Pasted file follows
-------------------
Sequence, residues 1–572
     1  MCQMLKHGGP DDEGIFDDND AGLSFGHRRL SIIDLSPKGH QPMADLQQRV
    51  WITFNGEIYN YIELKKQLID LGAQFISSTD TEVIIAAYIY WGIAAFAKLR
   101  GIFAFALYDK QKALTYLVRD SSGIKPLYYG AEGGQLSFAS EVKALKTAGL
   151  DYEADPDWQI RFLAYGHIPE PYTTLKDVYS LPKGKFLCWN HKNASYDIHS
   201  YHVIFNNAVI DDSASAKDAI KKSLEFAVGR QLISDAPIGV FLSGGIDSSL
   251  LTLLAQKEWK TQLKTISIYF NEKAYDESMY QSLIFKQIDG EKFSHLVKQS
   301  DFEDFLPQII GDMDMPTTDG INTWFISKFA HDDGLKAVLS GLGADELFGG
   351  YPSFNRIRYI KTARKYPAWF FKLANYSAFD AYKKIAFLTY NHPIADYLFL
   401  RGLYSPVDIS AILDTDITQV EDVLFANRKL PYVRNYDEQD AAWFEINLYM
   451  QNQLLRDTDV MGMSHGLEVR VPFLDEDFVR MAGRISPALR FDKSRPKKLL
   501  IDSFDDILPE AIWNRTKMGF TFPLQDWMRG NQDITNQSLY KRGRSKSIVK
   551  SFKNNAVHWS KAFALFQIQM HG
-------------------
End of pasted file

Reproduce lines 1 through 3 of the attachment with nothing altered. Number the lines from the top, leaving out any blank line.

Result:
Sequence, residues 1–572
     1  MCQMLKHGGP DDEGIFDDND AGLSFGHRRL SIIDLSPKGH QPMADLQQRV
    51  WITFNGEIYN YIELKKQLID LGAQFISSTD TEVIIAAYIY WGIAAFAKLR